Joggers told to keep 10 metres apart

THE Spokesman for the Centre for Covid-19 Situation Administration (CCSA) advised those jogging in the park that they should leave a distance of 10 metres from the person behind them because their heavy breathing and panting would spread droplets quite far and suggests walking with a face mask on as a better option, PostToday reported this afternoon (6.5.2020).

Dr Taweesin Visanuyothin, CCSA’s spokesman, pointed out that joggers breath through their mouth and this leads to droplets building up and then spreading up to 10 metres.

“If you want to jog make sure that the person behind is 10 metres away, if not then don’t jog because there is not enough distance and the droplets you expel will spread up to 10 metres.

“For this reason, if there are lots of people around then walk instead,” he said.

Dr Taweesin does not advise wearing a face mask when jogging because it might lead to the body not getting enough oxygen and urged people to consider walking with a face mask on instead as this is another way of exercising.

Meanwhile a recent ABC News report quoted University of Queensland infectious disease expert Charles Gilks as saying it was technically possible to catch Covid-19 from a passing jogger, but that would be extremely unlucky.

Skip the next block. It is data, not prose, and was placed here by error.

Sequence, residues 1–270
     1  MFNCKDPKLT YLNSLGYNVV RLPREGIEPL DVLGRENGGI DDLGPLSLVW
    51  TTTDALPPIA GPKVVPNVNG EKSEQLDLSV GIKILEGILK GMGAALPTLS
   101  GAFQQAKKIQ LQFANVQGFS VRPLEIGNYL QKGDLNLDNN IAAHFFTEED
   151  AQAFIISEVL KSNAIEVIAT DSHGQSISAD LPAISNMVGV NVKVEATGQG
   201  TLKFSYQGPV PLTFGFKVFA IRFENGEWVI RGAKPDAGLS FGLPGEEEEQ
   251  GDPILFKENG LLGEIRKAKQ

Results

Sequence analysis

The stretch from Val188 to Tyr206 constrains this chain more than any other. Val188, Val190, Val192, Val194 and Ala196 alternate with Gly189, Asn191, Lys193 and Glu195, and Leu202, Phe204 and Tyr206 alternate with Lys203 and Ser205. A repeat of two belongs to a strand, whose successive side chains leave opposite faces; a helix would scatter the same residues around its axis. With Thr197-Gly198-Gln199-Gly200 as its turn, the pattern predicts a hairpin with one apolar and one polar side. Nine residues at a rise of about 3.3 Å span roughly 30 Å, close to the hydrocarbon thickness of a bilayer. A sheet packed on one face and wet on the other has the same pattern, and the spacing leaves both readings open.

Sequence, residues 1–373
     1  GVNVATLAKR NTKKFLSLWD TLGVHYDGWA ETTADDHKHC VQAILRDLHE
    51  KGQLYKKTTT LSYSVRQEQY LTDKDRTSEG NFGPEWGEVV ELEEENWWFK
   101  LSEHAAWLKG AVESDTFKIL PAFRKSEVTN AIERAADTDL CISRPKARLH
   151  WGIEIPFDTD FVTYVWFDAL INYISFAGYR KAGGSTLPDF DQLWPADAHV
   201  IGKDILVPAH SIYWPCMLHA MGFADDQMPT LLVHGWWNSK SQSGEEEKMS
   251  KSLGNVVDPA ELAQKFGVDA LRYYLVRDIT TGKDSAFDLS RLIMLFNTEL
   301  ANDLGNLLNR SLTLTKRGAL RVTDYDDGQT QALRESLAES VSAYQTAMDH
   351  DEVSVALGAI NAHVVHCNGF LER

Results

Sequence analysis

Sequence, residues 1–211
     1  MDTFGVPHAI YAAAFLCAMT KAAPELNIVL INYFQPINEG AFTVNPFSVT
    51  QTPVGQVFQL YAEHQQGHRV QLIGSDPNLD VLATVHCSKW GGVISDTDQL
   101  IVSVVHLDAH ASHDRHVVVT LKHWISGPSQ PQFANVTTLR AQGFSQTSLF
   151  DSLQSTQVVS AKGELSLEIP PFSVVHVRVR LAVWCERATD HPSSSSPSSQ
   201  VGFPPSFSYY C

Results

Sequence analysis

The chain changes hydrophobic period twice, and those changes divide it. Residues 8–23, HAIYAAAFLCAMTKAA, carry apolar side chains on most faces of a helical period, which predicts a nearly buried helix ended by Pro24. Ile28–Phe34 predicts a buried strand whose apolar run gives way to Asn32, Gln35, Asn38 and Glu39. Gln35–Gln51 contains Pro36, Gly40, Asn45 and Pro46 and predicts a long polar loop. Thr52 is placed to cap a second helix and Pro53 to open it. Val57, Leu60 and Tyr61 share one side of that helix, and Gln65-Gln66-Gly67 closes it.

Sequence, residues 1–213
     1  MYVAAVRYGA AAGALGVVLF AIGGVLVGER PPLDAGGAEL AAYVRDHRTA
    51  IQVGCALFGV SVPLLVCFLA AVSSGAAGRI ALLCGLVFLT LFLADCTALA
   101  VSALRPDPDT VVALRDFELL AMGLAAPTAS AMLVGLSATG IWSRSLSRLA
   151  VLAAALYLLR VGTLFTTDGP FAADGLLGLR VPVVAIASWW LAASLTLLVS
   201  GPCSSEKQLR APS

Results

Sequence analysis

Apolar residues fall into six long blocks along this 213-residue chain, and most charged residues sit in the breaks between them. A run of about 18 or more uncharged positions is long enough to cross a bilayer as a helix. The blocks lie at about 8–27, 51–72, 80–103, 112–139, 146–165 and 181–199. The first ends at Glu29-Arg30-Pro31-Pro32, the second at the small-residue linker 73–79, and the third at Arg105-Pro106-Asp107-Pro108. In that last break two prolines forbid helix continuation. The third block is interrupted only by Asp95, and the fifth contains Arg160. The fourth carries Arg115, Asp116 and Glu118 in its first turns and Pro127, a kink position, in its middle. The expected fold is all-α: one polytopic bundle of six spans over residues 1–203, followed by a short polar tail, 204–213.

“I can’t say there are no risks, but I think they’re very, very, very small,” Professor Gilks said.

He said while joggers coughing and sneezing could pass on an infection, keeping a good distance away helped ensure that did not happen.

Mater Hospital’s infectious diseases director Paul Griffin said it would be possible to inhale virus particles from someone passing by.

“But hopefully not enough to get infected,” Associate Professor Cullen said.

Medical experts advised people to keep their distance if exercising in pairs.

“With the droplet spread, we know that you need a fairly significant interaction to be susceptible to getting this and the public health definition is 15 minutes of face-to-face or two hours in the same room.

“Clearly, if you walk past someone it’s a lot less than that.”

The ABC’s medical expert Norman Swan urged a cautious approach to exercising in public.

“I think you have to assume that as you are breathing up and breathing fast, if you’ve got [coronavirus] you’re more likely to be aerosolising it,” Dr Swan said.

That is, spraying out infected particles.

“With that bigger tidal volume, that bigger breathing … if they had Covid-19, if they had the Sars, Covid-2 virus then they could actually be spraying it out a bit more than normal,” he said.

Top: A man enjoying a morning jog at Suan Rot Fai (Railway Park) while another man walks too close behind him. Photo: PostToday

TNR staff
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